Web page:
Sunday, 8 January 2017

Handfish

Image: John Turnbull
It's already strange to see a fish who prefers to walk rather than swim...

But to walk on his hands, too? I don't even walk on my hands! And I'm supposed to have hands.

Image: John Turnbull
Alas, Handfish care nothing for our fishy expectations. "Pish-posh!" they say, waving a hand in derision. Probably. And they look so cute while they do it!

They're certainly a lot cuter than most of their relatives. Handfish are a family of anglerfish, related to ogrish Monkfish, cute-but-infuriated Frogfish and all those devilish Deep Sea Anglers.

Image: Karen Gowlett-Holmes
The Handfish family is called Brachionichthyidae, which means 'arm fish'. It refers to their hand-like pectoral and pelvic fins which they use to walk around on the seabed. They can swim when they want to, they just don't often want to.

Until recently there were just four described species of Handfish spread across two genera. They're all a little more or little less than 10 cm (4 in) long and, unlike a lot of anglerfish, they actually enjoy a diet that befits their size. A 10 cm Frogfish, for example, would gladly eat something about, say, 10 cm long (show one a mirror and it'll probably try and eat itself), and don't even talk about those Deep Sea guys. Handfish on the other, er, hand, prefer to nibble on small fish, worms and crustaceans that don't require an elasticated stomach to keep down.

Image: Rick Stuart-Smith / Reef Life Survey
The most famous Handfish of them all is the Spotted Handfish. It's found only in southeast Australia, specifically southeastern Tasmania. Even more specifically they live in the estuaries and surrounding bays where the River Derwent meets the sea.

That's very specific, indeed. It wasn't always known that the Spotted Handfish had such a tiny distribution. It was once thought to be quite widespread along the southern and eastern coasts of Australia but then, in 2007, they discovered that the Spotted Handfish wasn't a Handfish at all. There were two of them!

Image: CSIRO
The new, more widespread species was called the Australian Spotted Handfish. Which is odd since all Handfish are Australian, including the Spotted one.

*shrug*

Image: Barry Bruce, CSIRO
Discovering a new Handfish is cool and all but it was nothing compared to what happened in 2010. That was the year when some scientists rolled up their sleeves, consulted the yellowing pages of The Literature, and examined the contents of formaldehyde-filled jars bequeathed to them by their ancestors—they undertook... The Revision (pdf).

As it turns out, there's a HUGE amount that is completely unknown about Handfish, a lot of research that hasn't been done. People knew for a long time that there were more than four or five species, it's just that no-one had formally described any of the others.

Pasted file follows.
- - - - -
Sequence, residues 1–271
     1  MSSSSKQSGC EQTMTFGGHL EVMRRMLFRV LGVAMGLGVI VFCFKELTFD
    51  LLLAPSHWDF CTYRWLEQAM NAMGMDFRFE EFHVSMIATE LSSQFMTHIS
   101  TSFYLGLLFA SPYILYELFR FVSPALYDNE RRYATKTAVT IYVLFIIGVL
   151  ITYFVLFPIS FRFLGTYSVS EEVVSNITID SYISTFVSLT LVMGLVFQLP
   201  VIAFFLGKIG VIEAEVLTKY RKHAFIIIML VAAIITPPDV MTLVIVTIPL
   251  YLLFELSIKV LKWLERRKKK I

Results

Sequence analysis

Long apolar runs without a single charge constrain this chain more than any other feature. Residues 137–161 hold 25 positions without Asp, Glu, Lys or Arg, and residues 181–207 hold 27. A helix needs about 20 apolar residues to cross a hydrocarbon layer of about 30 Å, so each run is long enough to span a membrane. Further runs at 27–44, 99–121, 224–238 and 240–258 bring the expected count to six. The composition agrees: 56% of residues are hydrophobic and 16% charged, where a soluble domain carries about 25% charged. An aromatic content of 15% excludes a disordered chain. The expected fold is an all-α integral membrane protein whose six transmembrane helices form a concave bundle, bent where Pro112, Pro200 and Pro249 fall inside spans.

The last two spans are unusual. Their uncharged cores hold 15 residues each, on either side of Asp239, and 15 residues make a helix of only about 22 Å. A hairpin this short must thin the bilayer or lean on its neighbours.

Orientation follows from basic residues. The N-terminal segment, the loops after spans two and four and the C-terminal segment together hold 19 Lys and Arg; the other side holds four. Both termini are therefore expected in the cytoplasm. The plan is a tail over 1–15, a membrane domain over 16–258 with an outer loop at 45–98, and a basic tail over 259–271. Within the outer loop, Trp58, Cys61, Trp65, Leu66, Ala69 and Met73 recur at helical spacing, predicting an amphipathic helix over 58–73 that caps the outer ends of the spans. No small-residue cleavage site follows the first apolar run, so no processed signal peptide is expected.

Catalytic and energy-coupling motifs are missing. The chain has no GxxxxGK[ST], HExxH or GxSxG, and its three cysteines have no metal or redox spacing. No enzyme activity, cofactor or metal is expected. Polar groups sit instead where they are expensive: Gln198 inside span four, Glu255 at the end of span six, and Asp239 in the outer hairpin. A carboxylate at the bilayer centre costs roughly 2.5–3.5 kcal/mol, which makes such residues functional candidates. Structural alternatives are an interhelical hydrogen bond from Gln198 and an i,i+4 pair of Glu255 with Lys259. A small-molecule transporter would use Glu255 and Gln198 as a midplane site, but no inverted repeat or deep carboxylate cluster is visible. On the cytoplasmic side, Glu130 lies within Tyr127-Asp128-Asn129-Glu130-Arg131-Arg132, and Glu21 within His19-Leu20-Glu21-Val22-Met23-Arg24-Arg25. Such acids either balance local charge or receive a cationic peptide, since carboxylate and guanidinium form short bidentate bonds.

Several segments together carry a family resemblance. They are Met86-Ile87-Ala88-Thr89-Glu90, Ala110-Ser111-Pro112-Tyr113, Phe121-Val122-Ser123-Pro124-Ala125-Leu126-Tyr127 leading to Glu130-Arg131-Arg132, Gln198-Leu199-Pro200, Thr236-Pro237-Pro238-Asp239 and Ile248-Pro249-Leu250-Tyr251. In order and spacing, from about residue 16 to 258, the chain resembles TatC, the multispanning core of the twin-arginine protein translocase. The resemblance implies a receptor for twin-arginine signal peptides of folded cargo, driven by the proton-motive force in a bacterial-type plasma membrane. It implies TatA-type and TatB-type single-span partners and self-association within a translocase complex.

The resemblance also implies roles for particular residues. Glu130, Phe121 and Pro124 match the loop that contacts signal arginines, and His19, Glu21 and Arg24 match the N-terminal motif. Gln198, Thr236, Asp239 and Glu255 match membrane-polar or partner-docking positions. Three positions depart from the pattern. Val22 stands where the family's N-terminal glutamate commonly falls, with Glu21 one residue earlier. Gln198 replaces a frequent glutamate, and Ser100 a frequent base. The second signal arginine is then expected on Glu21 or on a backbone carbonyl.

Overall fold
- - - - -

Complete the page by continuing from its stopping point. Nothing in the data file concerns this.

Image: Andrew Maver
That changed in 2010, when another NINE species were described and three new genera erected. Some of these new Handfish are pink, some are white with yellow fins, some are less than 5 cm (2 in) long, one is known from just a single specimen, several others from little more.

Tasmania remains Handfish Central, with all but three of the new species living off that island's coast. As you can see, Handfish are real homebodies. They have their base of operations and they seem quite content to stay put. I suppose that makes sense if you're a fish who walks on your hands and doesn't like to swim.


Video: CSIRO

But there's something else. Something that Frogfish have which Handfish don't. Something that even starfish and oysters have which Handfish don't. And that's a planktonic stage.

Spending a bit of time as a tiny speck of plankton adrift on the current is a fantastic way of getting around. Maybe someone should have told the Handfish? While we can't say for sure with all species, we do know that the drifter's life is completely foreign to the Spotted Handfish.

Image: Mark Green, CSIRO Marine Research.
Spotted Handfish lay their eggs around some kind of vertical pole, like a large sea squirt or some sea weed.

The female lays about 80 to 250 eggs, which is basically nothing compared to Frogfish who can lay more than 100,000. She guards them for seven or eight weeks before they hatch and lots of tiny miniature Handfish emerge. They're about 6 or 7 mm long, which is certainly very small, but it's a lot bigger than a newly hatched Frogfish who might be closer to 0.5 mm.

Image: Craig Macaulay/CSIRO Marine Research
The baby Handfish would definitely win in a fight, except that the baby Frogfish could easily escape by simply drifting away to leave the poor Handfish landlubbing on the sea floor.

This inability to get around means that Handfish populations have been particularly hard hit by pollution, trawling and dredging. Conservation efforts are on-going and we can only hope they'll be successful. It's likely there are even more species out there, as yet undiscovered, and who knows? Perhaps one day they'll grow feet?

4 comments:

elfinelvin said...

Hey, I think these guys might be able to take on those angry birds! If we could get them together in the same element.

Joseph Jameson-Gould said...

We need some tiny diving suits and land suits!

Tim said...

Even better than feet, perhaps they'll grow opposable thumbs!

Joseph Jameson-Gould said...

They could use tools. I'd love to see that!

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